When do Social Security Disability Insurance benefits automatically change to Social Security Retirement?

Social Security disability benefits automatically change to retirement benefits when the person on SSDI reaches the full retirement age set by the Social Security Administration.  Many folks receiving Social Security Disability Insurance (“SSDI”) often think their SSDI benefits automatically convert to Social Security Retirement Benefits when they turn age 65. However, because the Social Security Administration periodically adjusts the full retirement age, anyone born after 1937 does not reach “full retirement age” at age 65. Anyone born after 1960 will not reach full retirement age until age 67, and only then will their SSDI monthly cash benefit convert to Social Security Retirement Benefits.  If you were born after 1937, but before 1960, you can determine your full retirement age on the Social Security Administration’s website: https://www.ssa.gov/planners/retire/ageincrease.html.

Self-Settled Special Needs Trusts and Age 65

Many government benefits programs that are available to persons with disabilities, like Supplemental Security Income (“SSI”) and Medicaid, limit the amount of monthly income an individual may receive, and the value of certain countable assets the individual can may own if applying for benefits.  These federally-mandated limits often prevent someone from being eligible in the first instance, and sometimes may result in individuals losing some or all of their essential public benefits.  The asset limits for SSI cash assistance is $2,000, and for many Medicaid programs the limit is $2,500 or less.  Therefore, persons with disabilities who depend upon these essential public benefits based on financial need continually must monitor their “countable” assets, as well as their income, to ensure they never exceed the allowable limits.

There are some planning options available for individuals to set aside their own assets and remain eligible for SSI and Medicaid.  Generally, a person with disabilities cannot transfer assets out of his or her name, especially to an irrevocable trust, without causing a period of disqualification for SSI benefits and some Medicaid programs, unless the transfer either (a) occurred before a time period commonly known as the “look-back period” or (b) the assets were placed into a certain type of irrevocable trust that contains specific provisions and restrictions.  These unique trusts commonly are referred to as “self-settled” special needs trusts (“SNTs”), since they hold assets which previously belonged to the trust beneficiary.   Assets transferred to a qualifying SNT are exempt from the usual asset transfer penalties for SSI and Medicaid eligibility.  However, these irrevocable trusts must be drafted very carefully to satisfy strict federal guidelines.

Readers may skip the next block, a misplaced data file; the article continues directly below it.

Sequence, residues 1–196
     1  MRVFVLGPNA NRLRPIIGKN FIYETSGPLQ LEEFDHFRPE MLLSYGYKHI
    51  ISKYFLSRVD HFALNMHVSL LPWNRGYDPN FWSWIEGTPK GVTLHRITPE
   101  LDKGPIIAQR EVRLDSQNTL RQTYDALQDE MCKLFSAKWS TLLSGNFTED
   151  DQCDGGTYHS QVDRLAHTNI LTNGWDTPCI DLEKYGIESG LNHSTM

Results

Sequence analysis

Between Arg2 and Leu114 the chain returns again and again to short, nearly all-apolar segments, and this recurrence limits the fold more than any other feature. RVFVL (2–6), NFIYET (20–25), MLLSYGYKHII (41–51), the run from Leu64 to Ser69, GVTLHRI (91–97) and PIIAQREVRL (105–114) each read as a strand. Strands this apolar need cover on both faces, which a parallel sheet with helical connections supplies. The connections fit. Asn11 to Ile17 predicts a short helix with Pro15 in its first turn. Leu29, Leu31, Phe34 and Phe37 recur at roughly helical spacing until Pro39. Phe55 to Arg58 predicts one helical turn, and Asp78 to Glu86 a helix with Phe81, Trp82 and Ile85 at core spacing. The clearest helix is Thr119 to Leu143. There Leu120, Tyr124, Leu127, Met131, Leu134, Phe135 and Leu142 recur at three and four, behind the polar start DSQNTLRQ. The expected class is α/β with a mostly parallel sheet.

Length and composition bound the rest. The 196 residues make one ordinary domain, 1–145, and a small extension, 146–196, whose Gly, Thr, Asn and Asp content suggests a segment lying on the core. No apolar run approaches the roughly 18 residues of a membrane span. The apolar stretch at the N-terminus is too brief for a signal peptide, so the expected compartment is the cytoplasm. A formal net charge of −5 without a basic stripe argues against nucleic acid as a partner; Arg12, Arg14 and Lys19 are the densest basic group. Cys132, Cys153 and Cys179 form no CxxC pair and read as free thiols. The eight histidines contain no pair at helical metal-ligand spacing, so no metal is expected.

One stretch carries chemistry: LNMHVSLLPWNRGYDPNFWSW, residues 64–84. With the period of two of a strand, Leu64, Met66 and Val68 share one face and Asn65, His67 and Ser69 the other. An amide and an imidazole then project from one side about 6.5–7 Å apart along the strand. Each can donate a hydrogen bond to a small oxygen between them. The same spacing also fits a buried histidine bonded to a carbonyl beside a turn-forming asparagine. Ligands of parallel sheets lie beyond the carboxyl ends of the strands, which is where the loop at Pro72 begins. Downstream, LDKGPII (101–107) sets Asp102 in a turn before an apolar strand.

Using a self-settled SNT to hold countable assets or to receive unearned income is a favored planning technique when the goal is to preserve financial eligibility for public benefits programs like SSI and Medicaid.  Self-settled SNTs can be created to benefit a person with disabilities who is about to receive an unexpected inheritance, settlement of a personal injury claim, alimony or child support, or who has personal savings and unexpectedly becomes disabled.

Again, a self-settled SNT holds funds that previously belonged to the person with disabilities who later becomes the beneficiary of the SNT.  Self-settled SNTs differ from “third-party” SNTs, which are trusts that benefit a person with disabilities but hold assets that originally belonged to someone else.  A third-party SNT often is used by family members or friends who want to plan for the future care of a loved one by setting aside an inheritance as part of an overall estate plan.  Although third party and self-settled SNTs both help to preserve eligibility for public benefits which are based on financial need, like SSI and Medicaid, the two types of SNTs have very different requirements because self-settled SNTs are defined by federal law.